As a Master Gardener, we often receive questions about trees, ornamental plants, diseases and a large variety of other related gardening topics. That’s what we volunteers love to do. Helping you succeed by providing the best and most current information available is what we are here for. On occasion though, we do field some thought-provoking questions.

By Patrick Miller
Colorado State University Extension Master Gardener in Larimer County

For example, one question I received recently was this: “What is the best plant ever?” Decidedly, the question was very subjective, making the answer simply opinion. I could have said the ginkgo (Ginkgo biloba) tree, one of the few remaining “living fossils” on earth! I could had answered by saying the Bristlecone pine (Pinus aristata), whose life-span has been documented at over 1,000 years, or the mighty Giant Sequoia (Sequoiadendron giganteum), exceeding 300 feet in height.

But no! I wanted to highlight a lesser-known plant, one whose stature may be small, but whose versatility is large. So I had to say sedums. This was an easy reply because there are so many different kinds. First, the sedum genus consists of over 600 species found primarily in the northern hemisphere. Sedums, also known as succulents or sometimes called “fat plants”, are plants having some parts that are more than normally thickened and fleshy. Succulent plants may store water in various structures, such as leaves and stems, especially in arid climates.

Succulents are grown as ornamental plants primarily because of their striking and unusual appearance. They have water-storing leaves that give them the ability to grow in less-than-favorable conditions. Most all sedum species grow well in dry, poor soils but also grow well in rich garden soils under a variety of light levels. Given good growing conditions, these varied plants are used in hanging baskets and container gardens, as accents to borders or groundcovers.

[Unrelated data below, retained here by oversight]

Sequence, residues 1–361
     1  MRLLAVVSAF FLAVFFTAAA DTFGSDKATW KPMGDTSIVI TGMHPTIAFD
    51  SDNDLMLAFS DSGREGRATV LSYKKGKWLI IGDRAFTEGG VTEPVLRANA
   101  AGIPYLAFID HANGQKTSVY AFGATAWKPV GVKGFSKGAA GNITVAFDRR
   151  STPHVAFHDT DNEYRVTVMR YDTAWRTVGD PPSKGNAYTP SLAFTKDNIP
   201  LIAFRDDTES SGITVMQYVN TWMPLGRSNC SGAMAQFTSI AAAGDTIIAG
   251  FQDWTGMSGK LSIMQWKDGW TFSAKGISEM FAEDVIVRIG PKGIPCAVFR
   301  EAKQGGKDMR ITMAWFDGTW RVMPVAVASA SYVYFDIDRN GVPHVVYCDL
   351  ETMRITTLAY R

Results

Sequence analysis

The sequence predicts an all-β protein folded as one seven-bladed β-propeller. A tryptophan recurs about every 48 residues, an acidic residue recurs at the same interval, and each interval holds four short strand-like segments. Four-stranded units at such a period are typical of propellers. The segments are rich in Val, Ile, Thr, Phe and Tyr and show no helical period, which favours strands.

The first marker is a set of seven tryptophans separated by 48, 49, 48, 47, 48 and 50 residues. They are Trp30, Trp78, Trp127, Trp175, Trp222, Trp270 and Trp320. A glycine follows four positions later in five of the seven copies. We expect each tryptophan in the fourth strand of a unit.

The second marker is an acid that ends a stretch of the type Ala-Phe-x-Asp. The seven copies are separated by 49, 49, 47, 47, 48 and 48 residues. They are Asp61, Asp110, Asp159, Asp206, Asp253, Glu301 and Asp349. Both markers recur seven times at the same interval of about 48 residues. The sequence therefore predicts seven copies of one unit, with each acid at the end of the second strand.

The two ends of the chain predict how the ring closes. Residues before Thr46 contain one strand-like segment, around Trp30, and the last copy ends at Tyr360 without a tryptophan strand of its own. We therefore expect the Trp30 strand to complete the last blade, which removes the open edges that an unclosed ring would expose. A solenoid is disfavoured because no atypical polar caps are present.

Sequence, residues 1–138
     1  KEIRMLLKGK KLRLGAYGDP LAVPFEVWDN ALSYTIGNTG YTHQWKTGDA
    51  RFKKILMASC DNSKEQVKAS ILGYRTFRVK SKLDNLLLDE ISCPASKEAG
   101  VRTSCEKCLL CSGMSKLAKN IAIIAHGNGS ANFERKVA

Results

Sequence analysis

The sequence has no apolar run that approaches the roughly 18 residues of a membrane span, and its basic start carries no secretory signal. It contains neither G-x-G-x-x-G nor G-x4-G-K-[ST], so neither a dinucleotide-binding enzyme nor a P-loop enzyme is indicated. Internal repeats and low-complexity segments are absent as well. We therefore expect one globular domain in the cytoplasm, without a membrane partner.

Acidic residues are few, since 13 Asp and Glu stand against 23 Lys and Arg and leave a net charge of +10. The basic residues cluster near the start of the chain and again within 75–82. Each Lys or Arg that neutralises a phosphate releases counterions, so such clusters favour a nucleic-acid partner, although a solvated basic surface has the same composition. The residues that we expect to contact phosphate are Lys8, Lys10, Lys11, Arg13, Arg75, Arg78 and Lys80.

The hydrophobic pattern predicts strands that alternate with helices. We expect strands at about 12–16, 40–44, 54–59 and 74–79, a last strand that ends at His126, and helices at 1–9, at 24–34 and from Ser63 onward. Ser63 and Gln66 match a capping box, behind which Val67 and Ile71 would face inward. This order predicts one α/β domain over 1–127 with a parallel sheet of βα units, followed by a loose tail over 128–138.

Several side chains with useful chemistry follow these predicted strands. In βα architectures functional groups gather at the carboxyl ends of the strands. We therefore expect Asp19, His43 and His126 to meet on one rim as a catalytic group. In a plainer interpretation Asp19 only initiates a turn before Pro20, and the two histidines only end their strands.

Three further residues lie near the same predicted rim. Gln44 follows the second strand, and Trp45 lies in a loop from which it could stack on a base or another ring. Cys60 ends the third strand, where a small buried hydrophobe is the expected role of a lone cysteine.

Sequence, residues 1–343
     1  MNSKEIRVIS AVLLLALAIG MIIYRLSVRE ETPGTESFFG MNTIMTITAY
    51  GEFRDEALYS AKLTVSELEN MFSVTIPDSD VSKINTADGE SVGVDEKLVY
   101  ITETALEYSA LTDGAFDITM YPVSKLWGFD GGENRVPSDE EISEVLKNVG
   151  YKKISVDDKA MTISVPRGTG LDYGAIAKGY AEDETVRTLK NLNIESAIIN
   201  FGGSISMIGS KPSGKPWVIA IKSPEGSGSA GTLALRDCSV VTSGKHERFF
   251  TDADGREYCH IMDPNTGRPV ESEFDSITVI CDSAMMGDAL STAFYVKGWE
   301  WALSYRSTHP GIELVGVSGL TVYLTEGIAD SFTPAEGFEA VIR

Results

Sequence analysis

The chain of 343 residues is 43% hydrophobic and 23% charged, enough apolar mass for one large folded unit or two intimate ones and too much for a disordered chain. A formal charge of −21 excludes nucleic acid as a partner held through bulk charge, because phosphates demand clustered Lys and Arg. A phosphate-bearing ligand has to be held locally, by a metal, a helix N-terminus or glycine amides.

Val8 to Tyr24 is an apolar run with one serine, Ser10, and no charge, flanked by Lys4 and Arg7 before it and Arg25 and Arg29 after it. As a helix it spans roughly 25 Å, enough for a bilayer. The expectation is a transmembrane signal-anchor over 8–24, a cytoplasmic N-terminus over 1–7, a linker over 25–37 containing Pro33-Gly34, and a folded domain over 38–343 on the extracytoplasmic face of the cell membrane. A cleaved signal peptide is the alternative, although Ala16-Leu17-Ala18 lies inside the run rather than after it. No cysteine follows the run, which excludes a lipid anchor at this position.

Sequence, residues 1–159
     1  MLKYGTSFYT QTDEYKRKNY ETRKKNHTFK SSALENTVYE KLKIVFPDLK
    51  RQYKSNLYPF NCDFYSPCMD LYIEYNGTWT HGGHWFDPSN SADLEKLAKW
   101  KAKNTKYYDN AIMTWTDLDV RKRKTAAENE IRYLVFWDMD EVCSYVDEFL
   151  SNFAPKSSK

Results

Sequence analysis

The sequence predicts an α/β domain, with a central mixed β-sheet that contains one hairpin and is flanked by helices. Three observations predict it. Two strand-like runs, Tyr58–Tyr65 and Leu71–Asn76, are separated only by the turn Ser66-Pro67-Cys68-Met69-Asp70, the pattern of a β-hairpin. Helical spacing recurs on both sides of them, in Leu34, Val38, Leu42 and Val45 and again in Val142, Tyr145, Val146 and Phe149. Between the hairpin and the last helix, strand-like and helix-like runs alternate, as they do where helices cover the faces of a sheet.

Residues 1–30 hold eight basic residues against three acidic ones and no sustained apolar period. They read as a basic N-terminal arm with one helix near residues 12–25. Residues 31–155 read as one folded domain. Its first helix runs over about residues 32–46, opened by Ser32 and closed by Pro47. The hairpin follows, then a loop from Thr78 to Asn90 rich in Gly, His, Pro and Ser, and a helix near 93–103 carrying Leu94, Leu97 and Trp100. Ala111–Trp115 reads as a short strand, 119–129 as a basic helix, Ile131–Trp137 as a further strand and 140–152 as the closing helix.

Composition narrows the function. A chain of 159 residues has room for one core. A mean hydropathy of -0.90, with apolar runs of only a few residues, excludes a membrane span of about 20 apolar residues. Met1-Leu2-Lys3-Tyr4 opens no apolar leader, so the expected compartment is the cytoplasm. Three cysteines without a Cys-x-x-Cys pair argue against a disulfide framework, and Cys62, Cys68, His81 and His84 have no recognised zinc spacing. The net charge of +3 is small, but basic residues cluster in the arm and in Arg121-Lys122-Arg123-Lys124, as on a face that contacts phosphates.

In addition to their better-known presence as a plant used in landscapes and gardens on the ground, an increasingly popular application for sedums is on rooftops. I recently had the great fortune of attending a presentation given to the Larimer County Master Gardeners regarding “Green Roofs.” A green roof or living roof is a roof of a building that is partially or completely covered with vegetation and a growing medium, planted over a waterproofing membrane. Green roofs serve several purposes for a building, such as absorbing rainwater, providing insulation, creating a habitat for wildlife and making a more aesthetically pleasing landscape, as well as helping to lower urban air temperatures.

Versatile, easy to grow in a wide range of conditions and such a large variety of species to choose from, how can you go wrong with sedums? For more information on sedums, visit www.colostate.edu

For more information on green roofs, visit www.hrt.msu.edu/greenroof/

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